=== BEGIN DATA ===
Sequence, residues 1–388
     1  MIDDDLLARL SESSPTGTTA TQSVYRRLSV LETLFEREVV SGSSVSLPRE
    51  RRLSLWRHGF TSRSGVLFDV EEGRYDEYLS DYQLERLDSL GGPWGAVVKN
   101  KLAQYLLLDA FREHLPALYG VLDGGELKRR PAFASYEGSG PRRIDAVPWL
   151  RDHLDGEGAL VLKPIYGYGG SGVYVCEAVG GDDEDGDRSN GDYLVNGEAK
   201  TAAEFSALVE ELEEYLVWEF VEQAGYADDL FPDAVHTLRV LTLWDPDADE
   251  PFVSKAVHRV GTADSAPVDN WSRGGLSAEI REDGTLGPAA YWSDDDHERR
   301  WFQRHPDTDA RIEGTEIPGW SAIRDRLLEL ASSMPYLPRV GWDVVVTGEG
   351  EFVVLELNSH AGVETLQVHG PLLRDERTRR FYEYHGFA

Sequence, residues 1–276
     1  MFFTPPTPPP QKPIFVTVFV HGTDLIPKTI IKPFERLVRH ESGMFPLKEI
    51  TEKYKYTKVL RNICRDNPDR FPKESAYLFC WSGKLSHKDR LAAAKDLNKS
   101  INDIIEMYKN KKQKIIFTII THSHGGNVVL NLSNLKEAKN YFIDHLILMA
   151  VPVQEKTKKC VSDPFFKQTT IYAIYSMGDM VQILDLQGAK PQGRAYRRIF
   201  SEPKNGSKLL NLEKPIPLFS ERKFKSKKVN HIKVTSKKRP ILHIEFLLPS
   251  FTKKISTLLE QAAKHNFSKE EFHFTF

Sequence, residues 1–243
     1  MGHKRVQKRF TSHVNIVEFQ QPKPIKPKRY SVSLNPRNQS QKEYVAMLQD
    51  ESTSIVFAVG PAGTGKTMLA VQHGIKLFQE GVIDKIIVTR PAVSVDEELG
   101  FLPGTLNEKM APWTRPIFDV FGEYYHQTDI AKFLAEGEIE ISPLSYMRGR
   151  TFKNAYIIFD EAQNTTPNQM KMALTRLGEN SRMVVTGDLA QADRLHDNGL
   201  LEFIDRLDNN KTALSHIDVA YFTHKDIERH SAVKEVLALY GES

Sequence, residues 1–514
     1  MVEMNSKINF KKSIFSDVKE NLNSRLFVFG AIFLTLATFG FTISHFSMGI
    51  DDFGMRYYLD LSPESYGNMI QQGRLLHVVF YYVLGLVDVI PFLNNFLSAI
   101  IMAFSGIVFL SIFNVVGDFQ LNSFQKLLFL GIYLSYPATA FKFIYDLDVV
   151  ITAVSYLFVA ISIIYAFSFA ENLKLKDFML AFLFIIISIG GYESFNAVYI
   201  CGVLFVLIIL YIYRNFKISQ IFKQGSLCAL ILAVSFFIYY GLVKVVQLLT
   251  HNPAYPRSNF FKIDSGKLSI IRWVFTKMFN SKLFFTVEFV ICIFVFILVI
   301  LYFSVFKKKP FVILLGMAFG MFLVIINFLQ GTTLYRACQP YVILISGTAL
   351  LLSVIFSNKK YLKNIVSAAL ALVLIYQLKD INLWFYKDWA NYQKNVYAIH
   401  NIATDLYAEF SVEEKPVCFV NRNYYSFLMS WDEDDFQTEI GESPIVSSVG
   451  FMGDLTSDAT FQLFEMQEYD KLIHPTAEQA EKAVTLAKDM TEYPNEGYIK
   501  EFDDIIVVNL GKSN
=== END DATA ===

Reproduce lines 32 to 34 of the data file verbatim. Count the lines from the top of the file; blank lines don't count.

   401  NIATDLYAEF SVEEKPVCFV NRNYYSFLMS WDEDDFQTEI GESPIVSSVG
   451  FMGDLTSDAT FQLFEMQEYD KLIHPTAEQA EKAVTLAKDM TEYPNEGYIK
   501  EFDDIIVVNL GKSN